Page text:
Deliverect experienced a meteoric rise to unicorn status thanks to the confluence of two major trends. Based in Brussels, the startup was founded in 2018 with the mission to help restaurants digitize and expand their footprint across all possible channels. Just as the pandemic was accelerating the digital transformation of this sector, a wave of capital swept across Europe. The FoodTech company raised $237 million in venture capital, including a $150 million round in January 2022 that included such major international players as DST Global.
The company officially has four co-founders, including CIO Jelte Vrijhoef, CTO Jan Hollez, and President Jérôme Laredo. However, the concept originally began with the fourth co-founder and current CEO Zhong Xu based on an experience he had working for his father. Today, the company has 300 employees and is processing 300 million orders.
Xu joined us recently on the SeriesE podcast for a wide-ranging conversation about his personal journey, the company’s history, the impact of the pandemic, and the future of FoodTech.
Here are a few key highlights from our conversation:
- On what Deliverect does:
“We’re really building that backbone of digital food. We really are helping restaurants around the world, small and big, to connect and sell on all possible online channels. We started very much in helping restaurants to connect to channels like Uber Eats and Deliveroo and Just Eat. But today, we’re really providing one operating system for these restaurants to sell omni-channel. And what really makes us unique is we don’t only help them to sell online. We help them with their menus and workflows. We can do that because we connect to pretty much every point of sale. Today we power almost 40,000 restaurants in 14 markets.”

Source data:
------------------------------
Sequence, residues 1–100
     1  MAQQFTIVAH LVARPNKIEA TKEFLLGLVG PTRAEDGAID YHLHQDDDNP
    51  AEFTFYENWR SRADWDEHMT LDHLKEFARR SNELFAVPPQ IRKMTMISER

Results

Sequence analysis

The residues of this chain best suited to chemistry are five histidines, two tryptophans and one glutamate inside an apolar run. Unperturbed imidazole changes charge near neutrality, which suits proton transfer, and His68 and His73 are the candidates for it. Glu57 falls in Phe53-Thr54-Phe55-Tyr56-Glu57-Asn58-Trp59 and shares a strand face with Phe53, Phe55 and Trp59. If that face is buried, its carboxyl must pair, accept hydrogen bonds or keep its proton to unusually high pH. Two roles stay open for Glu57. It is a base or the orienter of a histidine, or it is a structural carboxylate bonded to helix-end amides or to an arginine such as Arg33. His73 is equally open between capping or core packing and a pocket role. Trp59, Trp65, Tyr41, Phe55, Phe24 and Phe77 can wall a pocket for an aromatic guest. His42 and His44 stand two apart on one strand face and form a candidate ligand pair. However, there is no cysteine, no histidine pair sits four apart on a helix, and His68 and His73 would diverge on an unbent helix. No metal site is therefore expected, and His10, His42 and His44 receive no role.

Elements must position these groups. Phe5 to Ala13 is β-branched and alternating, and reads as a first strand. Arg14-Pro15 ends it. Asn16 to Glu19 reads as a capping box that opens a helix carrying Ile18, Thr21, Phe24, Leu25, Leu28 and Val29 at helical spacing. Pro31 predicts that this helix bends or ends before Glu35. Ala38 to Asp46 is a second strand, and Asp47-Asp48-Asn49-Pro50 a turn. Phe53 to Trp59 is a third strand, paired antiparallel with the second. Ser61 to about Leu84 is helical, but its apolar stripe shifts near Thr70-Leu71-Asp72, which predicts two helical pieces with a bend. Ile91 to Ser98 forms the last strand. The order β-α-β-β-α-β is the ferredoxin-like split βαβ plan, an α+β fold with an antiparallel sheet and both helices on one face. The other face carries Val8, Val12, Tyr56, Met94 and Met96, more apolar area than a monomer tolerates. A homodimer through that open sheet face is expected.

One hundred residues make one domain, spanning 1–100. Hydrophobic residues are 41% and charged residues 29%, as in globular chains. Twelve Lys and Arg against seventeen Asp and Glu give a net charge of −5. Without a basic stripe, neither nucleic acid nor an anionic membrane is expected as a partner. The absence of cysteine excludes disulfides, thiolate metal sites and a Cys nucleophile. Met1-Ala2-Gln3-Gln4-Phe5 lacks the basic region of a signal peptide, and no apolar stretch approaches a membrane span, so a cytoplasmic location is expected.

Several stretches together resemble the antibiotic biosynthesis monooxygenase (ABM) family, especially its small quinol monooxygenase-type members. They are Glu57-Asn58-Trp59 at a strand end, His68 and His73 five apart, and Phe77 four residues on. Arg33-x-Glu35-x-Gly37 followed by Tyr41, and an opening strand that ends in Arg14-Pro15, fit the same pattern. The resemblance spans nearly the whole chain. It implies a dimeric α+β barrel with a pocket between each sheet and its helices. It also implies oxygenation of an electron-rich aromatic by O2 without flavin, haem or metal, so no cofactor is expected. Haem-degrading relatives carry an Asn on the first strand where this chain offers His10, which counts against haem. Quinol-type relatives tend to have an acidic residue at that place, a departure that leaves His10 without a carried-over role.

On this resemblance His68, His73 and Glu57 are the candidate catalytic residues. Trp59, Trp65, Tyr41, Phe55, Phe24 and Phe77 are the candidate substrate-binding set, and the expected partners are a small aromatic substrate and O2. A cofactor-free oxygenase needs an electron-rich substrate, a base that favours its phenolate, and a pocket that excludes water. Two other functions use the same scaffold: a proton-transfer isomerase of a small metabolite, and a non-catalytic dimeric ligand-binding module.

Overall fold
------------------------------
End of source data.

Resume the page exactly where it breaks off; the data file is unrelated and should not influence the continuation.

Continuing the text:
- On family ties:
“I’ve been almost 20 years in the hospitality industry. I grew up in this space. You know, my father had a point-of-sale company for Chinese restaurants. And as an immigrant kid, you can imagine he was asking me to do all the work and putting me at work at age 16,17. So I grew up there because at that time I even created over 1000 very ugly websites for Chinese restaurants. I was a very rich teenager because I was charging €250 euros per website, multiplied by 1000s. However, I didn’t want to take over his business, because it was old, clunky, you know, point of sale legacy. I wanted to study software engineering.”
- On the origins of Deliverect:
“The idea of Deliverect actually started in 2017-18, where I had all these restaurants around the world actually complaining about one thing. They were saying, ‘Hey, we see there’s something called delivery popping up, you know and almost 10 20% of my revenue is going to these Uber Eats, Deliveroo, and so on.’ Back then, a lot of restaurants were saying, ‘This is never going to happen. Who is going to order food online? Are you crazy?’ However, some of these early adopters saw the trends…So [they said] we need a partner that can help us to build a platform where we can sell and be future-proof. Because today, maybe it’s Uber Eats, Deliveroo, and Just Eat, and tomorrow it’s Instagram, Facebook, Google, Alexa, wherever that a customer can order.”